But what about management and Leadership?

Standing there with my new Maasai friend, another thought struck me: perhaps management is mostly about attending to Chronos things, and leadership is attending to Kairos things.

Interestingly, I never saw an adult Massai running and never saw anyone looking anxious or “late.”

Once, when a Maasai woman working beside me on the construction project accidentally dropped a bucket of small stones she had been meticulously picking off the floor, she simply smiled and started picking them all up again. You or I might easily have sworn or at least given out a spontaneous expletive. But she was working with Maasai time, making whatever it is that happens just that: what was happening. She could be at one with what was happening without judgment or blame because she lived inside Kairos, natural time.

As we were packing to leave on the last day in the community, I overheard Kakuta saying to some of the Warriors and the drivers of our Land Rovers, “OK, guys, let’s get going! The airplanes in Nairobi do not run on Maasai time!” For everything there is a season - even for clock time in a Maasai village. . .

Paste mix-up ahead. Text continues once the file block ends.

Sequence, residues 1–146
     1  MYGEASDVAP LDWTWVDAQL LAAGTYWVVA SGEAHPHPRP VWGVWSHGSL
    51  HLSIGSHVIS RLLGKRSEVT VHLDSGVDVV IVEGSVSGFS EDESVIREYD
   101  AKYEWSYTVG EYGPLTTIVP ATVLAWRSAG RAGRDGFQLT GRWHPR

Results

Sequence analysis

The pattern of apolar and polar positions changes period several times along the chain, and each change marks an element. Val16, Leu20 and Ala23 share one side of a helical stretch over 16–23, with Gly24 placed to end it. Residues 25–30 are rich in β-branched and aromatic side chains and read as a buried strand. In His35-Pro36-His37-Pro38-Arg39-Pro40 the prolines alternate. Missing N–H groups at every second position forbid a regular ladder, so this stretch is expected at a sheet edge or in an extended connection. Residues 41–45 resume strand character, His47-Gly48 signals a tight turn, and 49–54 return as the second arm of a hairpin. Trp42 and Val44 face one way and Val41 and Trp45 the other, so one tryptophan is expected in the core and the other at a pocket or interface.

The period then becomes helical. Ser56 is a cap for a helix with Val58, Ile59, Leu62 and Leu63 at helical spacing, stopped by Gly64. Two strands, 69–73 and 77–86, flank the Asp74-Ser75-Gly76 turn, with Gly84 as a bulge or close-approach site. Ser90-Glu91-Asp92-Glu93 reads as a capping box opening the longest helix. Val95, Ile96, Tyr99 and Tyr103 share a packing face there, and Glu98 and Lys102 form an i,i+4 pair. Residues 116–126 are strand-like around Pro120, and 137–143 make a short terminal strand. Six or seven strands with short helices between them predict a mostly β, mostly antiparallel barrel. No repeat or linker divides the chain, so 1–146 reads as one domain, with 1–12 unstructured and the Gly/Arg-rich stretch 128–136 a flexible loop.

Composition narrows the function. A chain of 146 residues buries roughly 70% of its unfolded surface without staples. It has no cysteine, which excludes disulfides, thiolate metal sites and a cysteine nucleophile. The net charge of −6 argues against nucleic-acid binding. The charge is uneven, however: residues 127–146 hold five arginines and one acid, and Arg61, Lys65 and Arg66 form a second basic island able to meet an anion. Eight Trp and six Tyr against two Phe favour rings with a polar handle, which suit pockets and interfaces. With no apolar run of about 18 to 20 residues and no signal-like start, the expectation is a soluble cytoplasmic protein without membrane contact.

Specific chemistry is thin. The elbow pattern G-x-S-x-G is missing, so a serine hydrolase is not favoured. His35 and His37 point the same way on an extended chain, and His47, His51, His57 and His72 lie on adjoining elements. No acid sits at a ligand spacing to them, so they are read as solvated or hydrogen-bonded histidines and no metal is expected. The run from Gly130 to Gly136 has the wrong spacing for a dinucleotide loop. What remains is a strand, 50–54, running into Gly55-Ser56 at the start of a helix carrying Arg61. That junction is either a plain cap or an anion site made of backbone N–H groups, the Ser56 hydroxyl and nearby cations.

What a great lesson for us. As people responsible for managing other people and results - or even just making it through our day, we need to know how to master the clock (Chronos). That’s management. AND, there are moments when we need to know how to look deeply into the situation in front of us and ask another question: What does this moment tell us we need to be doing? That is the essence of leadership.

About the author
John Scherer is a founding member of AcaciaTree, a Not for Profit organisation which aims to create mutually beneficial relationships between leaders seeking profound development and communities in the third world who need support to meet their basic needs.  John can be contacted via his web site at www.scherercenter.com.
AcaciaTree’s UK representative is Chris Henderson, who can be contacted through Leadership Connections  -  www.leadershipconnections.co.uk.